WEBSITES: GERMAN AND OTHERS
BY GAYLE STUART
In the mid-to-late 1800’s millions of German citizens left their homeland and settled as immigrants in the United States. The 1900 U.S. Census documented that over half the citizens in Iowa, Nebraska, Wisconsin, Minnesota, North Dakota and South Dakota were German immigrants or their descendents. Scott County, where the first passenger railroad crossed the Mississippi River, was the entry point for many immigrants to the upper Midwest region and points west. In 1900, Joseph Eiboeck, a veteran German newspaperman, described Davenport as, “the most German city, not only in the State, but in all the Middle West, the center of all German activities in the State”.
The German American Heritage Center (GAHC) was formed in 1994 in Davenport, Iowa to document and celebrate this German heritage. The former Germania House, which was built in 1861, was purchased by the German American Heritage Center in 1995 to serve as the home of the Center.
The Germania House was among the earliest of many “Gast Haus” buildings in the area. This structure is the last remaining immigrant hotel of that period in the region and is on the National Register of Historic Places. The GAHC saved the building from deterioration and potential demolition by raising $1.3 million to restore the exterior of the building and to restore the first and second floors of the four story building for use as a historical center. That work to save this historic treasure and to utilize it as the German American Heritage Center was completed in 2004.
The German Immigrant Experience, an interactive audio-visual exhibit, opened on October 3, 2009. (www.gahc.org)
The German-American Heritage Foundation of the USA has a website at http://gahfusa.org/. The foundation has almost 18,000 members throughout the United States. They are implementing a cutting-edge oral history research project as a valuable source for academic research and to foster common knowledge about the role German-Americans have played in history. The project is funded through the European Recovery Program, a German governmental program to foster transatlantic relations. By recording, evaluating, archiving and publishing audio-visual testimonials from Americans of German descent, they are following their primary mission of preserving the rich cultural heritage of German-Americans. The site contains information about their new Washington, D.C. museum, which was scheduled to hold its grand opening on March 21, 2010.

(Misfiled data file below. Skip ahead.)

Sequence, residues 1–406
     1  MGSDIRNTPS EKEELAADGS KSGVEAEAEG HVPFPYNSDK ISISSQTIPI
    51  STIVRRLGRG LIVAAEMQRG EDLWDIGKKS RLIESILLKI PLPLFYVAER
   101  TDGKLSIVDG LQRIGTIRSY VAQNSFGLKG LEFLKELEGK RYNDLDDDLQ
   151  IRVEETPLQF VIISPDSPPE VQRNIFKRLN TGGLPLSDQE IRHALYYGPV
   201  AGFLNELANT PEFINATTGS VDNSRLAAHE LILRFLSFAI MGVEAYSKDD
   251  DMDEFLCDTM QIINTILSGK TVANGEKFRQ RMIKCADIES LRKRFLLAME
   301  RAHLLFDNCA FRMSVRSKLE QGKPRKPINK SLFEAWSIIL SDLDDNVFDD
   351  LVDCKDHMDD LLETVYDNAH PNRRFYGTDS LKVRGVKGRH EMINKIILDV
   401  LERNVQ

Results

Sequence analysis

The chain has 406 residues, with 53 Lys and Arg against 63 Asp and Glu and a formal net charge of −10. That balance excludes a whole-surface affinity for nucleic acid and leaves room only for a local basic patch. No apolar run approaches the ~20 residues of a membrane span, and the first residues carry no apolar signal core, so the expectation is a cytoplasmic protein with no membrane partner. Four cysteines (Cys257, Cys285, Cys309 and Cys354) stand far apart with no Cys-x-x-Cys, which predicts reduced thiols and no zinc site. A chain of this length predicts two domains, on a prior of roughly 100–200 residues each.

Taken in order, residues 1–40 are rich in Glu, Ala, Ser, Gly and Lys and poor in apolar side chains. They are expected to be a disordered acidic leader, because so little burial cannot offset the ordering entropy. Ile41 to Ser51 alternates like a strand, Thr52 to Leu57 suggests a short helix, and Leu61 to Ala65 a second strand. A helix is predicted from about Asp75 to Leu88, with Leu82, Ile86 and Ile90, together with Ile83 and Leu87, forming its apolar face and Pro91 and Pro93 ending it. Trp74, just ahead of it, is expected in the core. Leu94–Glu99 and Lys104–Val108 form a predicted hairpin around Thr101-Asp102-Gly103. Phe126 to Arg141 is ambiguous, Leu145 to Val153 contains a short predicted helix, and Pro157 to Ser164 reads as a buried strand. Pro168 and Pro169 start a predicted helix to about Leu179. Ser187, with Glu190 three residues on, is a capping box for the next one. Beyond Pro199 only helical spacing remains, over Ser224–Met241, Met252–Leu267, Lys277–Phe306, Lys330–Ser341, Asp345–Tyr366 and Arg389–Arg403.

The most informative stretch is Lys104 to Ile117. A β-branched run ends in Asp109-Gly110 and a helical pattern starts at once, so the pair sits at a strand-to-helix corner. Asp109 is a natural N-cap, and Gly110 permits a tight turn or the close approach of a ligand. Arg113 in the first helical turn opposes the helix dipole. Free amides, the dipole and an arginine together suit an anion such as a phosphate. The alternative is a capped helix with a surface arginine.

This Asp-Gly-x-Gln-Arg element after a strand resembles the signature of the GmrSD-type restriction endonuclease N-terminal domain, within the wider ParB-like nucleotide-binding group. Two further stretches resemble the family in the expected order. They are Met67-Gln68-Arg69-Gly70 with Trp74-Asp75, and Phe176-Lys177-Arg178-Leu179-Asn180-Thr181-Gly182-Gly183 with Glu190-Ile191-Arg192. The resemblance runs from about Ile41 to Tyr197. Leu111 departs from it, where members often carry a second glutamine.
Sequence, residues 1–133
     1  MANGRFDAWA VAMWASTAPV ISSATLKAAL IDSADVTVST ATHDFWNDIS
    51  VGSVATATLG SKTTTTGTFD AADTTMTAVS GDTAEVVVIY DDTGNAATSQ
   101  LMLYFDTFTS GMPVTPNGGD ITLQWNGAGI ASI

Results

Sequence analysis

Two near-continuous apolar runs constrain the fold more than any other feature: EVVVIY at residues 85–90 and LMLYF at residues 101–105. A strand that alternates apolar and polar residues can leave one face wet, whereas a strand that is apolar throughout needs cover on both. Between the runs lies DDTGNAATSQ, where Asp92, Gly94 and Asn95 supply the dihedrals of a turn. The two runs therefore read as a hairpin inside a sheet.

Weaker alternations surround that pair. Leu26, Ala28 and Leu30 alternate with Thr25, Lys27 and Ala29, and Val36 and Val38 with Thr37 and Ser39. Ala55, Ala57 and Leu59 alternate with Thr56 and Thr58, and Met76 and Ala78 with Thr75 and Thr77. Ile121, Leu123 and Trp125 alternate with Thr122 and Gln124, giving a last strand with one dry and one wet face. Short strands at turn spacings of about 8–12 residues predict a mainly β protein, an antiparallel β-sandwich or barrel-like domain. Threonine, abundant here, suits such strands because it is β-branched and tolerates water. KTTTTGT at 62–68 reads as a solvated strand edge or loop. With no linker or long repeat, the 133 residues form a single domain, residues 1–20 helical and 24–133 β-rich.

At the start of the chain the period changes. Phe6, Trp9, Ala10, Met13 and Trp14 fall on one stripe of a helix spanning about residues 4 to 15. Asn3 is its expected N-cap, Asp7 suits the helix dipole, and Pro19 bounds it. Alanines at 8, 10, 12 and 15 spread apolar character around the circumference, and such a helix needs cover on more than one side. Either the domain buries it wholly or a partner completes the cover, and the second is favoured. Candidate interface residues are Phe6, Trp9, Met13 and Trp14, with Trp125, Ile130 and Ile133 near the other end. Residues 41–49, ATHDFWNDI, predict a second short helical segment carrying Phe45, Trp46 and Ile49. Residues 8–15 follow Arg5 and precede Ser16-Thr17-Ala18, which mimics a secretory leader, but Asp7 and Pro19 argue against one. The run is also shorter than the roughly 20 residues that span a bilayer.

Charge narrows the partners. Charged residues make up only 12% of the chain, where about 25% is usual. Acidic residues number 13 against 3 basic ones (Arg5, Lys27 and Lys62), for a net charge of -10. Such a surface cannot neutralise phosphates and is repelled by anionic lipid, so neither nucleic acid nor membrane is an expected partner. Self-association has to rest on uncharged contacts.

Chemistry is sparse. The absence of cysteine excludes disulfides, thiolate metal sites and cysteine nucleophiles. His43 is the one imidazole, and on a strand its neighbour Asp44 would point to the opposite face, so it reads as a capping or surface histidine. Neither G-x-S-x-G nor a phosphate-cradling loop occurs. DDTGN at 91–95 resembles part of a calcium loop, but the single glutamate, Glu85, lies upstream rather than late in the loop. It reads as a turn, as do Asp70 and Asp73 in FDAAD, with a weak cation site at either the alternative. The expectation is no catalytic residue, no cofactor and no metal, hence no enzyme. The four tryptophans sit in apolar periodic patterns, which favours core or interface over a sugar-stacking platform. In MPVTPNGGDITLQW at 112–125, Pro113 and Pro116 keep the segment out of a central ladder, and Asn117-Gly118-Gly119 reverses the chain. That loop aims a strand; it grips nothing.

This is where passengers were processed when arriving in New York City.
Up to July 31, 1855: No processing. Passengers simply walked off the ship.
August 1, 1855 to April 18, 1890: Castle Garden
April 19, 1890 to December 31, 1891: Barge Office
January 1, 1892 to June 13, 1897: Ellis Island
June 14, 1897 to December 16, 1900: Barge Office (Ellis Island closed due to fire)
December 17, 1900 to December 31 1924: Ellis Island
(Courtesy of Steve Morse’s website, Accessing Castle Garden and Barge Office Manifests in One Step, www.stevemorse.org/ellis/mm2castle.htm)
If you need to hire a Professional Researcher a good place to look is on the Association of Professional Genealogists (APG) website, www.apgen.org. Specialists are listed in a large number of genealogically-related areas, as well as geographically and by research specialty.
www.unclaimedpersons.org is a relatively new webpage where genealogists can volunteer to locate the next of kin for persons who have died without any known relatives.